Looks like the NSA lied.
The Wall Street Journal’s Siobhan Gorman and Jennifer Valentino-Devries broke the story this morning that the NSA’s systems can access about 75% of all Internet traffic in the US. Not only that, but it can save the content of emails and Internet phone calls sent from one US citizen to another.
The revelation contradicts previous NSA statements, including some by NSA Director James Clapper, that the NSA doesn’t intercept the actual contents of emails and other communications, and that the NSA doesn’t intercept purely domestic (US to US) traffic.
The surveillance programs, with whimsical code names including “Blarney, Fairview, Oakstar, Lithium and Stormbrew,” collect and filter information directly from US telecommunications companies, including AT&T and Verizon. Major companies like Cisco, Boeing, and Juniper provide the gear to build the systems.
Similar to PRISM, the spying program Edward Snowden revealed that lets government analysts access data from web companies like Google and Facebook, these programs only work because they integrate directly with wireless and Internet providers. Once again, private companies are demonstrated to power the surveillance that feeds the government.
The government can spy on people “reasonably believed” to be outside the US, which is a low legal bar and easy standard to meet. But NSA officials admit that many of the communications they intercept and store are actually between US citizens, and thousands of other serious surveillance errors happen each year.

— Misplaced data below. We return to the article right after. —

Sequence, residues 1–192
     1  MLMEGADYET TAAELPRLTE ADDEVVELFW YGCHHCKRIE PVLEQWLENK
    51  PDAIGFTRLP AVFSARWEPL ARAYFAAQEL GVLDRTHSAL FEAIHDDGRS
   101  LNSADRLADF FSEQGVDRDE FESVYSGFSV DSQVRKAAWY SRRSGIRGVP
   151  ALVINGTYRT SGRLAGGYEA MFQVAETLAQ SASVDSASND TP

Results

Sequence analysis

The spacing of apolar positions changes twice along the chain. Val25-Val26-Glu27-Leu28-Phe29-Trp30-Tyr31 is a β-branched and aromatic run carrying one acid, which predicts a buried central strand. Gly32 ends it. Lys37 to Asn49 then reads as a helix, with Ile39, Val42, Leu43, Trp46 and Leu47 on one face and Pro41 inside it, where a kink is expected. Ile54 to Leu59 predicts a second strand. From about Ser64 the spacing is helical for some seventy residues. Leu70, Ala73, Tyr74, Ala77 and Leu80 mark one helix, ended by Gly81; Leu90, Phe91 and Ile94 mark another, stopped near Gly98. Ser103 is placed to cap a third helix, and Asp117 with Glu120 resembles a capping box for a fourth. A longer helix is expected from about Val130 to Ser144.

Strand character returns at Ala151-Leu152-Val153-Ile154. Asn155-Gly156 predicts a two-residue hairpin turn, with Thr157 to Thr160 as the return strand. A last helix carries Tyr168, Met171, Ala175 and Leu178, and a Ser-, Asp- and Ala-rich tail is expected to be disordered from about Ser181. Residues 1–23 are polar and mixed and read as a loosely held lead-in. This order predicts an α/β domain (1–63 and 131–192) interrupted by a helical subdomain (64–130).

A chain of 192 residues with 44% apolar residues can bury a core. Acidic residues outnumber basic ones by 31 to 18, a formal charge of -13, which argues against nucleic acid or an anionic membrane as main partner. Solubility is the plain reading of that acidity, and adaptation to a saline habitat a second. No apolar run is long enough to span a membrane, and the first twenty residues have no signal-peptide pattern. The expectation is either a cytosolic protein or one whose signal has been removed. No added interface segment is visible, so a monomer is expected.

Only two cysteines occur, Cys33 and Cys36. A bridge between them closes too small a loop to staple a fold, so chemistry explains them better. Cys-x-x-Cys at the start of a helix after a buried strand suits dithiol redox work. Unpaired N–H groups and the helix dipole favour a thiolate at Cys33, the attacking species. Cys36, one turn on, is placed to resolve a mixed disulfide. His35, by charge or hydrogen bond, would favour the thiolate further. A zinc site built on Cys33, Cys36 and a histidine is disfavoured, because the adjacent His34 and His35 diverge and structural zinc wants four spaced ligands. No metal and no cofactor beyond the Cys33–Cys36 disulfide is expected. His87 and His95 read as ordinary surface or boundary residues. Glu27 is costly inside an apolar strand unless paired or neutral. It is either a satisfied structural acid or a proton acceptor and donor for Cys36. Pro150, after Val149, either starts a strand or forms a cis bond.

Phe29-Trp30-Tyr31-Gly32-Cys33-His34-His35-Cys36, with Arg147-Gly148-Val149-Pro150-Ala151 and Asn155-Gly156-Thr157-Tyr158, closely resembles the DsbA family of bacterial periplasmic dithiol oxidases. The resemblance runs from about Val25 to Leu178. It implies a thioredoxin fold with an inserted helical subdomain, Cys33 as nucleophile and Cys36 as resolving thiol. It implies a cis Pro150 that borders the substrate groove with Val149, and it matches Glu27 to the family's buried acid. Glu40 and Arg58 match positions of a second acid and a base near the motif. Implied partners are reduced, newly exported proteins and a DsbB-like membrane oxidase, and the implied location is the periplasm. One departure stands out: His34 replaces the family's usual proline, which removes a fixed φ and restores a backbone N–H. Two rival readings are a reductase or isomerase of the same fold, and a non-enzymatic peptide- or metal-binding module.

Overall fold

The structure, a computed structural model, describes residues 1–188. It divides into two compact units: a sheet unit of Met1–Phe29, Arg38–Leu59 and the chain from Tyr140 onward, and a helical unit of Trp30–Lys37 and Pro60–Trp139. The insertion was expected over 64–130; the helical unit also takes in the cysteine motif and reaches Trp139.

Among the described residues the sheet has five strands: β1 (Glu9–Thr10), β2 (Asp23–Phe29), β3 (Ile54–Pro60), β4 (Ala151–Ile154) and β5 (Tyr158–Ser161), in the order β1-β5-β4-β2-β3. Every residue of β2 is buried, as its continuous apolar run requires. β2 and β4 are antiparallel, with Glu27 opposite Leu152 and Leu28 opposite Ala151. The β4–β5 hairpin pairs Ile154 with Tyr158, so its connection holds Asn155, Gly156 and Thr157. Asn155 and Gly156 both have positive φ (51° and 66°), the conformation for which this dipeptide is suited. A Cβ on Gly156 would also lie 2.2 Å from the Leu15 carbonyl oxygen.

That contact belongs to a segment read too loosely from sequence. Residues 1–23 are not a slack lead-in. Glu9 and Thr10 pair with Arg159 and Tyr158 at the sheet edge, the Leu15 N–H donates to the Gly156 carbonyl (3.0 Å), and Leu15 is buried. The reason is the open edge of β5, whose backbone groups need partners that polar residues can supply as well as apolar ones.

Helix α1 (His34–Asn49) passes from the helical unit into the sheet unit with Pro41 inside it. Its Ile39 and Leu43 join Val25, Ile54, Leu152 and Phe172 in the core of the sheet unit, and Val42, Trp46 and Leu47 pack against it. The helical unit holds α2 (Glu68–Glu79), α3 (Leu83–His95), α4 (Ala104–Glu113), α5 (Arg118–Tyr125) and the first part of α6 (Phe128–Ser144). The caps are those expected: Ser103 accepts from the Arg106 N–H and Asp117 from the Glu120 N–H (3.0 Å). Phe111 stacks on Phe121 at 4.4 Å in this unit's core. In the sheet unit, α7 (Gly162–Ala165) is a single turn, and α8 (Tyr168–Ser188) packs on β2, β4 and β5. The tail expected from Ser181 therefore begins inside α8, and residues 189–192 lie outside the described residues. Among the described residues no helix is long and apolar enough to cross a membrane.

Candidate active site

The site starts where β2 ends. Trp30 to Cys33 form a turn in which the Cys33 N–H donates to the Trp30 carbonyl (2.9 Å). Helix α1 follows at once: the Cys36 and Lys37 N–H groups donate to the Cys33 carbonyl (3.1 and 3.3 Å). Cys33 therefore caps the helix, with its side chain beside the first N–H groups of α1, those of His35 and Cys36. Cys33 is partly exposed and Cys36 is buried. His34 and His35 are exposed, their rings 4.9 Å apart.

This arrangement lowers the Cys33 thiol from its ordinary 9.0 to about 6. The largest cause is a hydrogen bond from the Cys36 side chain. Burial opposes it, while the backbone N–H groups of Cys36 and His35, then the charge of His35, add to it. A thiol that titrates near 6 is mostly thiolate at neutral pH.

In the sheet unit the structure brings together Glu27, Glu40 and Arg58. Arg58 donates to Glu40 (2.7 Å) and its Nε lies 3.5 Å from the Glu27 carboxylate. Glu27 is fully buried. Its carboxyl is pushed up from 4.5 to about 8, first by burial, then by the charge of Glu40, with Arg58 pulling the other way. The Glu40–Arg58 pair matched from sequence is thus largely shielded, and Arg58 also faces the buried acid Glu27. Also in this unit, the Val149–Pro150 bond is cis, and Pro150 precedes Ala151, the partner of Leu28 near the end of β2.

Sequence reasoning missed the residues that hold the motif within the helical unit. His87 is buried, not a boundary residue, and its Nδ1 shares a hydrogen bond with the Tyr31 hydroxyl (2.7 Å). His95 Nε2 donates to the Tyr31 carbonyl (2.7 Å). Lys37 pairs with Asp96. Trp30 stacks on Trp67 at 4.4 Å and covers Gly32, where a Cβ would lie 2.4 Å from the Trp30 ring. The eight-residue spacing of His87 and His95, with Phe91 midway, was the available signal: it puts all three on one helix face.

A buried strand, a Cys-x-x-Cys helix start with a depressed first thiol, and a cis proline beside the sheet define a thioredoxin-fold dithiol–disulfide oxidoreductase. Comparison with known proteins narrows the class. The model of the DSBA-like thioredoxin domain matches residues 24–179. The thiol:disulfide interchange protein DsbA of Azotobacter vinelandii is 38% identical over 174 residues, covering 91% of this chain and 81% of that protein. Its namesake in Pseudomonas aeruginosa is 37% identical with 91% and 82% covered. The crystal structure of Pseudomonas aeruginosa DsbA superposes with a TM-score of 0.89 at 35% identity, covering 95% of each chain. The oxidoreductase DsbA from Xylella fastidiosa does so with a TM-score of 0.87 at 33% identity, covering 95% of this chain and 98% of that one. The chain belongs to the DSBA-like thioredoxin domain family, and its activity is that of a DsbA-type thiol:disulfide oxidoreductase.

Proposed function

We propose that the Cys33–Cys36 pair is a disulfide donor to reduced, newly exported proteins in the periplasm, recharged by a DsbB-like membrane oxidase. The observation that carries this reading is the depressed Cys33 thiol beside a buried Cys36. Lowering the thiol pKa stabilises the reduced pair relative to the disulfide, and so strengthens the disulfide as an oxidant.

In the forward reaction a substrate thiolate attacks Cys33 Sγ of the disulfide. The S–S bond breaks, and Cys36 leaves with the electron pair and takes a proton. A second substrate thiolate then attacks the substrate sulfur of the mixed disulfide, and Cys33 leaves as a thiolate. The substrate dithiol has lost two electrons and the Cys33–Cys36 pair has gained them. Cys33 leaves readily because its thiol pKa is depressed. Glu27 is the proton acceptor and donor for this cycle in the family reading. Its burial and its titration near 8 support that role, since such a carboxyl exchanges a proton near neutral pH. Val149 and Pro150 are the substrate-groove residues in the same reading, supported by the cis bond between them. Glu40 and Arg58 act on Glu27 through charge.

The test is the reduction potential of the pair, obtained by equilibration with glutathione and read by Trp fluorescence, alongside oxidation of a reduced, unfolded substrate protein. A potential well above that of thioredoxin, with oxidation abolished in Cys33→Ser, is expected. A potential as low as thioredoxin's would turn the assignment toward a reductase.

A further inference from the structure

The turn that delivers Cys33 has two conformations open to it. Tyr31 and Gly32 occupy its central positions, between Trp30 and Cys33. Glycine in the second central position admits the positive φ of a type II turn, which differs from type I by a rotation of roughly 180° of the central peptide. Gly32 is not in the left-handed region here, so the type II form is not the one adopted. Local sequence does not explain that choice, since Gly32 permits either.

The program is largely secret and regulates itself. Civil rights and privacy activists argue that the NSA should have better, more public oversight.
The fallout from 2013’s “Summer of Snowden” has been widespread. Analysts estimate that newfound distrust in US data companies will cost $180 billion, although privacy companies like us and DuckDuckGo have seen major growth in the number of people using our tools. President Obama’s approval rating has dropped, especially among young voters between 18 and 29. Last week, the President announced plans to reform NSA programs to better protect privacy.
On a final note, you can’t stop the NSA from tracking you, but you can make it harder. Here’s how.